A New York woman (who doesn't really have an apartment) apprentices for a dance company (though she's not really a dancer) and throws herself headlong into her dreams, even as the possibility of realizing them dwindles.
Margot and her son Claude decide to visit her sister Pauline after she announces that she is marrying less-than-impressive Malcolm. In short order, the storm the sisters create leaves behind a mess of thrashed relationships and exposed family secrets.
Jennifer Jason Leigh,
In a dystopian near future, single people, according to the laws of The City, are taken to The Hotel, where they are obliged to find a romantic partner in forty-five days or are transformed into beasts and sent off into The Woods.
Frances lives in New York, but she doesn't really have an apartment. Frances is an apprentice for a dance company, but she's not really a dancer. Frances has a best friend named Sophie, but they aren't really speaking anymore. Frances throws herself headlong into her dreams, even as their possible reality dwindles. Frances wants so much more than she has but lives her life with unaccountable joy and lightness.Written by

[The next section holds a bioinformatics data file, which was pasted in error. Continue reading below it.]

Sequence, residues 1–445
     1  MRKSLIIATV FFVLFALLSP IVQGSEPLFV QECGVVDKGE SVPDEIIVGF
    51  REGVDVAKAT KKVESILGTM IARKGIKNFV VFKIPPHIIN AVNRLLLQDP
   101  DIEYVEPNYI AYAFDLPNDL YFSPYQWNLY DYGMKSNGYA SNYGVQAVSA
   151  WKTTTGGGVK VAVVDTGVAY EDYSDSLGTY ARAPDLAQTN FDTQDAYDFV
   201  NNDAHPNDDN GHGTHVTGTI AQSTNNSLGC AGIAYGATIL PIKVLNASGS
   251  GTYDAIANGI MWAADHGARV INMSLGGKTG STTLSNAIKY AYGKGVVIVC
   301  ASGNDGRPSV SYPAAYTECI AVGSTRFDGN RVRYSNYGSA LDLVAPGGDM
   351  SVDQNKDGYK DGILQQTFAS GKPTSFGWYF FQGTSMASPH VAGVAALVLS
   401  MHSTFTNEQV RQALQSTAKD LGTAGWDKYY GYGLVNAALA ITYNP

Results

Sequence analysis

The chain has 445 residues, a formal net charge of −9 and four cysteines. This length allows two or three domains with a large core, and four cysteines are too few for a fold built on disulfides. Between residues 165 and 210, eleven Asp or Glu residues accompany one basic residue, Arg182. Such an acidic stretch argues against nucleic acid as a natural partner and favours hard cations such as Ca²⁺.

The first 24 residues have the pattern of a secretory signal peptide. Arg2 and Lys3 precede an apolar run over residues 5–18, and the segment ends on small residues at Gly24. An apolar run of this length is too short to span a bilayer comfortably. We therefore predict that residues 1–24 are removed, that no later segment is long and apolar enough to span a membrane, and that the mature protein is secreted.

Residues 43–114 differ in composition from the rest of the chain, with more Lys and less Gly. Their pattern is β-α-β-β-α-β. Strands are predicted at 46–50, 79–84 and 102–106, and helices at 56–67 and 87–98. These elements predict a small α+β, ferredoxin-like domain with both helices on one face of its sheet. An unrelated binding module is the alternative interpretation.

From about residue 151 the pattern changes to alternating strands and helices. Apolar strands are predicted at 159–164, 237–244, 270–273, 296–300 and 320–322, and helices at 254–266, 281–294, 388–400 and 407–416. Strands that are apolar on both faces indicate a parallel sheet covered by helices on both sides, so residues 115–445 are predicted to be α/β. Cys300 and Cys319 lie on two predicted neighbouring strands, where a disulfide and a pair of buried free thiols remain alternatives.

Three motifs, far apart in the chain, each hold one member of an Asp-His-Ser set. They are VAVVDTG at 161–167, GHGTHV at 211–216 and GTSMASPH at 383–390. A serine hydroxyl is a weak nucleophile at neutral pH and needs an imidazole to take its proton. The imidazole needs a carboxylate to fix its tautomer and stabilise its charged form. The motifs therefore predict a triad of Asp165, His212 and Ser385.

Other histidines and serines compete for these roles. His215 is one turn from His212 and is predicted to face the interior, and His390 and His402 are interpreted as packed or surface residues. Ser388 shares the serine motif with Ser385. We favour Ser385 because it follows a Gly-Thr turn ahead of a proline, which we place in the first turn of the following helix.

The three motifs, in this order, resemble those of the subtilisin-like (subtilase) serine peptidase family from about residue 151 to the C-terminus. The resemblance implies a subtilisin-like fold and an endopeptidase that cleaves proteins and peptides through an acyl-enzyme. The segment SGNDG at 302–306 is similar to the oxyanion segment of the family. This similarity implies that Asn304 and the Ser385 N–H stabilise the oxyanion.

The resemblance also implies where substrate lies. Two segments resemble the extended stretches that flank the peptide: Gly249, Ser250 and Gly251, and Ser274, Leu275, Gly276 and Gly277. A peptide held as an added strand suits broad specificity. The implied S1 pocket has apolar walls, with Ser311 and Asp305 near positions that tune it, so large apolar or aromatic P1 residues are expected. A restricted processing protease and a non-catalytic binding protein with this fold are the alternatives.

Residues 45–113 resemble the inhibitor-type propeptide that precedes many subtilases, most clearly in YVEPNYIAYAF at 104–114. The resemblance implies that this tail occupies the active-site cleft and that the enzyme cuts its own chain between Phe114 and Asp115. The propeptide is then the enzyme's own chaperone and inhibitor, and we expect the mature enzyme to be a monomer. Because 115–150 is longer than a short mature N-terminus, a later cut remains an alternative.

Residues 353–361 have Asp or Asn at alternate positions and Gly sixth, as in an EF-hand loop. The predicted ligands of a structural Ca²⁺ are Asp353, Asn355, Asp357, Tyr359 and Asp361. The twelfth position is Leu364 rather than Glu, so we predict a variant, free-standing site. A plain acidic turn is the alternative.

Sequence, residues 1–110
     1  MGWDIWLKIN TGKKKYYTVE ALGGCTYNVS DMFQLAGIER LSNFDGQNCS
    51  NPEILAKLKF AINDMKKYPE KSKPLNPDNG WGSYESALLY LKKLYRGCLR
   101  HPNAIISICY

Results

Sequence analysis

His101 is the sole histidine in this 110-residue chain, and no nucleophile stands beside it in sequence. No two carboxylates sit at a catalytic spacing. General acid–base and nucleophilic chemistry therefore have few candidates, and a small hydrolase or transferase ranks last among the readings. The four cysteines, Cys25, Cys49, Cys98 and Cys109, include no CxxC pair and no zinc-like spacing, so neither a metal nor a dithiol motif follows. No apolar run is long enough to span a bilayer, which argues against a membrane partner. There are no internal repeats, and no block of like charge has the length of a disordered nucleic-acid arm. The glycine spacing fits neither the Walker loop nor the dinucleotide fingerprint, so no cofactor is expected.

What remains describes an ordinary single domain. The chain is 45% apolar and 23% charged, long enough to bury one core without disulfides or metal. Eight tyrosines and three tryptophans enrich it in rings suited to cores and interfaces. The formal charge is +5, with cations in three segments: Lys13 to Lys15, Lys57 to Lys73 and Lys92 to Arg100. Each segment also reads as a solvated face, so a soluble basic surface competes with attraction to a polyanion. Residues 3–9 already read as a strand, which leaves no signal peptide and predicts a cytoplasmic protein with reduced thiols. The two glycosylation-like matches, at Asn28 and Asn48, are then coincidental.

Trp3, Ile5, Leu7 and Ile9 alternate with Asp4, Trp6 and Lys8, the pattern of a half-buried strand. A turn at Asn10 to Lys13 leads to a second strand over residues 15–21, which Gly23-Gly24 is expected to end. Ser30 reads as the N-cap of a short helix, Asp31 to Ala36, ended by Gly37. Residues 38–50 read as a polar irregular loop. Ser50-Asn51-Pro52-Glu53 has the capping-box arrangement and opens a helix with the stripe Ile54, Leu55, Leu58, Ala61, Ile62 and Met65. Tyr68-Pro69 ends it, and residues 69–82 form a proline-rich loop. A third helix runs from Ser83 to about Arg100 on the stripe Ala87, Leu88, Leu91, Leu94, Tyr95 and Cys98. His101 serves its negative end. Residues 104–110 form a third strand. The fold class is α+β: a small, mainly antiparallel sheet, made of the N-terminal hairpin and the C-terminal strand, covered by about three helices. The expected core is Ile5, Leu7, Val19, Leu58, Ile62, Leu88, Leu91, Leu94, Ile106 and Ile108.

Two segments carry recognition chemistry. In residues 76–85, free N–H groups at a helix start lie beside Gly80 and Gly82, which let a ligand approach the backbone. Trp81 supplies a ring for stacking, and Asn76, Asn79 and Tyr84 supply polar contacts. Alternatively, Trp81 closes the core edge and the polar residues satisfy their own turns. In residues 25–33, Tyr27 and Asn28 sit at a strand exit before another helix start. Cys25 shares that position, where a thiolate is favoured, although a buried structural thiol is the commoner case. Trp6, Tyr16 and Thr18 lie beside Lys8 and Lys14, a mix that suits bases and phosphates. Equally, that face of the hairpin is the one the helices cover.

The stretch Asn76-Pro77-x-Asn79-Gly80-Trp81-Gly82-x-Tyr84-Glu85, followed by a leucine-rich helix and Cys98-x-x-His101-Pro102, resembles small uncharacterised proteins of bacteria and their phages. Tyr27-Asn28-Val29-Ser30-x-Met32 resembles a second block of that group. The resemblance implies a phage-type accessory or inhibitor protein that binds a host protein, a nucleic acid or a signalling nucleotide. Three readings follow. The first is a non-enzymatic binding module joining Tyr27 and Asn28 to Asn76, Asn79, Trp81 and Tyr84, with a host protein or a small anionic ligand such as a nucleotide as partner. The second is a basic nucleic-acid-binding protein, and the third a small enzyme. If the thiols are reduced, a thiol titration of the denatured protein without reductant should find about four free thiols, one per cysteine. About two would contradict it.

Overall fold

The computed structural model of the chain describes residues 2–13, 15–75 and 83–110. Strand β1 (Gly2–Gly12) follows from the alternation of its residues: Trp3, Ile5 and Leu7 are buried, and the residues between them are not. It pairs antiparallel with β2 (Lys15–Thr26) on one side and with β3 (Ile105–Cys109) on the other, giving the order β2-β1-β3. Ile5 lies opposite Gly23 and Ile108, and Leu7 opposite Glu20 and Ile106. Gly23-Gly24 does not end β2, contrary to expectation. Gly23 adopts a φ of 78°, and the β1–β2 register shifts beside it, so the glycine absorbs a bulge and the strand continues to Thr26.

Bring out the adjectives--charming, quirky, funny, gentle. The cast is good, but Gerwig is terrific as the hapless dancer. She's likeable and pathetic at the same time. Everyone knows she is going to have a problem making it as a dancer, except her. This is her version of planning: she thinks about 10 minutes ahead. A sudden trip to Paris--but only 2 days, and then credit card debt. She doesn't seem to have a moment of fun there.
Poor Frances. She lurches from one moment to another, trying to figure out what life is and rarely succeeding. The journey is full of fun and laughter, though--well, at least for viewers. But eventually, the worm turns. Let's avoid spoilers and just say things change when Frances Halladay becomes Frances Ha. This is an indie film in the best sense of the genre, small scaled, but well crafted and thought out. Someone mentioned a Woody Allen-esque feel to it--and it does have some of those echoes, but just echoes. You can't dislike Frances. The film's a winner, too. Its wistful, understated feel is irresistible.
5 of 6 people found this review helpful.
Was this review helpful to you?
| Report this